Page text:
From Eva Marie: This is one of the best things I've read in a looooooong time! You'll think so too, I just know it!
The Sweet Tea Line
Every summer my mother put fresh mint in our tea. She grew her own in the backyard in the small
town where I grew up. When she served the cool drink, just seeing it tantalized my taste buds. North Carolina
When I got tall enough to reach the kitchen counter, Mother gazed at me with intense dark eyes.
“I’ll let you make the tea. It’s easy.”
She showed me how to cover five tea bags with water in a saucepan, bring it to a boil and let it steep.
“While you’re waiting…” she picked up our tea pitcher… “pour the sugar in here until it looks right.”
Demonstrating, Mother turned up the Dixie Crystal bag and emptied about one-and-a-half to two cups. Then she put in lemon juice until it looked right, about two tablespoons. She added the tea and filled the pitcher with water the rest of the way.
“That’s all there is to it.” She served up two glasses and topped them off with sprigs of mint.
I’ve been making it ever since. For a Southerner sweet tea is both a necessity and a delicacy offered with each meal. Most of us have discriminating tea tastes.
I was married before I realized other people lived without it. The day I found out, my husband and I were on our way to
. We stopped for lunch in Michigan . Indiana
When the waitress came to take our order, I asked for sweet tea.
She raised her blonde eyebrows. “I’m sorry, ma’am, we don’t have sweet tea. We have raspberry tea if you’d like.”
For several seconds I sat speechless, thinking how do people eat without sweet tea? I shook my head to clear it. “Yes, thank you, raspberry tea will be fine.”
Now don’t get me wrong, I liked the raspberry tea, but it’s no substitute for sweet tea.
After I moved to
I heard people refer to the gnat line. A person can travel south from Georgia Atlanta and get to just below and sure enough the gnats show up. Macon
There’s a sweet tea line too. If one travels far enough north or west the sweet tea runs out.
When our daughter attended college in
, the town where she lived served sweet tea. But when we rode forty miles northeast to have dinner with friends, we passed the sweet tea line. Kentucky
My cousin who grew up in
California says, “To this day, I do not believe I have ever seen sweet tea on a menu in . And during my west to east coast trips via car, I must say, I do not remember sweet tea offered anywhere except in the southern belt.” California
I have another cousin, originally from
New York, who now lives in . She drives in the southeast as well as the northeast. Once she gets into parts of Virginia and Washington, D. C., she finds no sweet tea. Florida
Two relatives who travel from
Georgia to have different memories. One says, “Sweet tea--only in the south.” The other thinks he once drank it in Canada . West Virginia
It would be interesting to know how many towns bordering the southern sweet tea line serve the refreshing drink. Comments answering the following questions should help.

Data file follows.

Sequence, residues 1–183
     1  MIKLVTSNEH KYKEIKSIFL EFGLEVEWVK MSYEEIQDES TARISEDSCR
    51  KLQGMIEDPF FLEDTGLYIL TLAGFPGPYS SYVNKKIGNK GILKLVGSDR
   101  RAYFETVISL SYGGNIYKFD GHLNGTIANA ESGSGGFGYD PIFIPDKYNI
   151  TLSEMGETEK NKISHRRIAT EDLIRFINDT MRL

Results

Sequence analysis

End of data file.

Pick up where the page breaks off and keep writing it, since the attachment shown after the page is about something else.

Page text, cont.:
Have you passed the sweet tea line? How far did you travel from the south before the sweet tea ran out? And where were you?
Wanna know more about Gail's book?
Feature writer Cammie O’Shea recently suffered through a heartbreaking split-up with her fiancé. She wants no new relationships when she moves to
, to take a job at a newspaper. But she has to interview real estate developer Vic Deleona. He’s quite smitten with her and arranges extra meetings in an attempt to court her. Cammie resists his advances. However, after several mysterious break-ins occur, including one at Cammie’s condo, she and Vic launch their own investigation into the crimes. Then Cammie grows fond of him. She gets an opportunity to return home to her old job. Will Vic solve the crimes and win Cammie’s heart or will she leave Destin? Destin, Florida
Wanna know more about Gail?
Gail’s husband, Rick, says she’s the only person he knows who can go in the grocery for a loaf of bread and come out with someone’s life story. That’s probably because she inherited her mother’s love of people and enjoys talking to them. Working as an editor and freelance writer, Gail published a couple hundred articles. While some of them are in anthologies, two ended up in museums. In 2004, the American Christian Writers Association named Gail a regional writer of the year. She recently published her first romance, Love Turns the Tide. Last fall an excerpt from Love Turns the Tide won the Clash of the Titles Challenge in the best nature / weather scene category. When Gail isn’t writing she likes reading, swimming, and getting together with friends and family.
Gail wants to write books of faith that show God’s love. Visit her Web site at http://www.gailpallotta.com and her blog at http://www.gailpallotta.blogspot.com
Love Turns the Tide is available from www.awe-struck.net in the inspirational category.